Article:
Have you felt the chill in the air lately? Or aren’t the constant rains enough clue to understand that it’s the changing of the seasons? It’s a relevant concern, especially for those who have been classified as people with sensitive skin – because climate, weather, and atmospheric temperature may very well be the barometer you need to update your skincare.
It may be easy to get a clue about the seasons – sunbathe in summer (with protection, of course), moisturize in winter, and exfoliate in spring! So, what do we do in autumn? This season provides us with a transition period that allows us to evaluate and slowly migrate our skincare system to something that allows our skin to hold in more moisture and lessen the fine lines in our skin. When we finally do the moisture treatment in winter, that might be far too late because the effects of the drying air and the lack of humidity have already set in leaving us with wind burns, cracked lips, redness caused by skin irritation, and sadly, eczema or dermatitis.
Before we enter the fall month of May, here are some options can consider to help your skin cope with the seasons:
Using your skin type as your basis, assess the products that you have and ask these questions:
– will this product keep my skin hydrated through autumn and winter?
– how did I fare last winter?
– do these product overly promotes exfoliation?
As fall enters, we will see colder and dryer conditions that will affect our skin. Remember that it takes a few weeks before we see the effect of these lowering temperatures which subsequently dry out our skin. Check out your products if they contain elastin or collagen to keep the moisture consistent and aloe to help skin cope and heal as it experiences harsher conditions.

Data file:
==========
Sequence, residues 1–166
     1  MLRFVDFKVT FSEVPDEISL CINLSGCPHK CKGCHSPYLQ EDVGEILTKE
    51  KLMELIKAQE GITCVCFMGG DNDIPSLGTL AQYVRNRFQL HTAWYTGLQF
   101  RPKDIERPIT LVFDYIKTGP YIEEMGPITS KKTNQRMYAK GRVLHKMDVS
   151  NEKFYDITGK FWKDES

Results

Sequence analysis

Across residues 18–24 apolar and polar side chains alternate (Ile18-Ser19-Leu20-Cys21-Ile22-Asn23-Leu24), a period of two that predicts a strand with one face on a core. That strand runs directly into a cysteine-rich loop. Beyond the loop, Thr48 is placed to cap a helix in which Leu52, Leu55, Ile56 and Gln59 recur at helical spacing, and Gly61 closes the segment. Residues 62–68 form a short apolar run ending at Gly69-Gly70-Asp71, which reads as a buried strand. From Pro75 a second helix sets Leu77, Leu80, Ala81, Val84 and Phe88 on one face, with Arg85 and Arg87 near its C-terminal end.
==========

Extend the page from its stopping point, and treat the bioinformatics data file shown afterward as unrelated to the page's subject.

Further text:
Begin to adjust your skincare routine
Get gentler products that don’t strip your facial skin of its natural oils too much. Lessen the use of retinoids that may leave your skin dryer than usual as it is aggravated by the cold and dry air.
Intensify your sun protection
We may be fooled by the cloudy days thinking that no sun rays can burn our skin. However, studies have shown that one can get sunburned even on a cloudy day. This is because harmful ultraviolet (UV) rays pass through clouds and still reach our skin and burn it. Ignoring sunscreens might be more catastrophic during these times – making sure that putting on sunscreen will always be part of your skincare. Fall provides us a good time to transition into hardworking skincare like Vitamin C which helps sunscreen and sunblock formulations in blocking the harmful rays that may, later on, lead to skin cancer.
Beat the cold-dry season by taking care of your moisturising regimen now – because fall provides us a buffer before our skin experiences the cold grip of winter.
Source: The Australian Filipina